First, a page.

(Host) Governor Jim Douglas is defending his plan to reduce the statewide property tax rate of Act 60. A number of Democratic lawmakers are critical of the proposal because they say it will primarily benefit wealthier Vermonters and the state’s business community. Douglas says his plan will reduce tax burdens for groups who are not protected under the income sensitive provisions of Act 60.
VPR’s Bob Kinzel reports:
(Kinzel) In his Inaugural address, the governor proposed cutting the statewide property tax rate from $1.10 to $1.07. Douglas says he made the proposal as part of an effort to stimulate debate at the Statehouse over Act 60.
There’s no doubt that it’s done that. House Democratic leader Gaye Symington is critical of the plan because she says it doesn’t give tax relief to all Vermonters. Symington says Vermonters who currently participate in the income sensitivity program of Act 60 will receive no relief at all. She says that the groups that don’t qualify for income sensitivity – namely households with incomes greater than $80,000, businesses and second home owners – will get most of the benefits:
(Symington) “I think that all Vermonters need property tax relief, not a particular segment. And especially this proposal, one of the groups that would definitely benefit are folks with incomes that are higher, too high to qualify for income sensitivity. I don’t think it’s fair to then go and say that group that is currently paying based on their income are the ones we should target not to get any tax relief.”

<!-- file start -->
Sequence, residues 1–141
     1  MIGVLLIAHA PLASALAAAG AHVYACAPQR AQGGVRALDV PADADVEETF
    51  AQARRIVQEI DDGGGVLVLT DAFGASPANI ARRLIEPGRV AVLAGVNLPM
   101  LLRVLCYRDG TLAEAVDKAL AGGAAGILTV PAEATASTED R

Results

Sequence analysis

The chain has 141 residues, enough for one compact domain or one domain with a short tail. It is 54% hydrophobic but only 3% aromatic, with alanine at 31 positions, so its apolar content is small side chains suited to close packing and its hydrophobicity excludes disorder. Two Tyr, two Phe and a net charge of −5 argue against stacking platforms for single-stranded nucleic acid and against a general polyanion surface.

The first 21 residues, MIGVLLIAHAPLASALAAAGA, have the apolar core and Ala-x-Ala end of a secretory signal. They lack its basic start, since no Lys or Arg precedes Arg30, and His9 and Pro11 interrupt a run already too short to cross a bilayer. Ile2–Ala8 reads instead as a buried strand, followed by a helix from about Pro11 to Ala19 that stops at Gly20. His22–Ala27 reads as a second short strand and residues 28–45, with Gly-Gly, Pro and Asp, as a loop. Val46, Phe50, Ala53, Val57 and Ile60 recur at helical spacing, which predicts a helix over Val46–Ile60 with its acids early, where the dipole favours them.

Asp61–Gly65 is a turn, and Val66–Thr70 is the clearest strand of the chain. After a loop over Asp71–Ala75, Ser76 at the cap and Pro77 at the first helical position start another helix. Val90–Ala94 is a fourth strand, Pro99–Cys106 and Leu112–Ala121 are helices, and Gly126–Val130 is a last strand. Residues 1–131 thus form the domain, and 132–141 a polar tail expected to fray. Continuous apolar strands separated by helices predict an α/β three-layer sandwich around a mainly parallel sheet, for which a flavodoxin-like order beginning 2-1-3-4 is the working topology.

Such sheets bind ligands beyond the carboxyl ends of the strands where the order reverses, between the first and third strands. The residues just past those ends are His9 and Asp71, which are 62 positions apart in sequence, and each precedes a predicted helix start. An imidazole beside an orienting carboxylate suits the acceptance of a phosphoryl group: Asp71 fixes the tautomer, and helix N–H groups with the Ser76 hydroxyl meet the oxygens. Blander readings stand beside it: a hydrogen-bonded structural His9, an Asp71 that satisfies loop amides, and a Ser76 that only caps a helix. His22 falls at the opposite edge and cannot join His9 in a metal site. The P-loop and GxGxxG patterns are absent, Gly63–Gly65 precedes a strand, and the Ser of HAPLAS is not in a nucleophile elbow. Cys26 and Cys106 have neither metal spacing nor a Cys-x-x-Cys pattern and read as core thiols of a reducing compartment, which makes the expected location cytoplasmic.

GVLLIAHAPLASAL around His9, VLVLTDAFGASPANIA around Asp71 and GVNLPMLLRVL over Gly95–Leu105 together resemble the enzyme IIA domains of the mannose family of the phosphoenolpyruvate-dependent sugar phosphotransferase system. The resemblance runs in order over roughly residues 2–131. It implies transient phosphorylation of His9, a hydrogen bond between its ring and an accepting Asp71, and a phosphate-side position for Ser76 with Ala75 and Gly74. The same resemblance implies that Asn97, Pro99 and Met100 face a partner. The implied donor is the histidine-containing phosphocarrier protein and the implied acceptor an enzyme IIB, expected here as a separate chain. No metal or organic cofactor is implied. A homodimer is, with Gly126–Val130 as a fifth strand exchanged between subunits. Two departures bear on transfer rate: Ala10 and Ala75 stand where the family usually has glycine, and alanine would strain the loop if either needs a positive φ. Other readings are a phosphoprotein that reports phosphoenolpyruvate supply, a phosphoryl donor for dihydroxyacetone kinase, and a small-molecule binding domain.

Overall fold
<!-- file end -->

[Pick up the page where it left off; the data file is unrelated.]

(Kinzel) But Douglas argues that the groups that don’t qualify for income sensitivity are precisely the ones that need relief, because they’re the ones who have shouldered much greater tax burdens over the past few years as property values have increased:
(Douglas) “But there are some businesses that will benefit from this, absolutely. But remember, most Vermont businesses are quite small. They’re family-owned operations, they’re mom and pop companies. So businesses of all sizes will benefit, homeowners who have more than two acres will benefit, many different Vermonters will.”
(Kinzel) Douglas says his tax cut plan is a better idea than putting more money into the state block grant for education because the higher block grant will not necessarily result in lower tax rates at the local level.
For Vermont Public Radio, I’m Bob Kinzel in Montpelier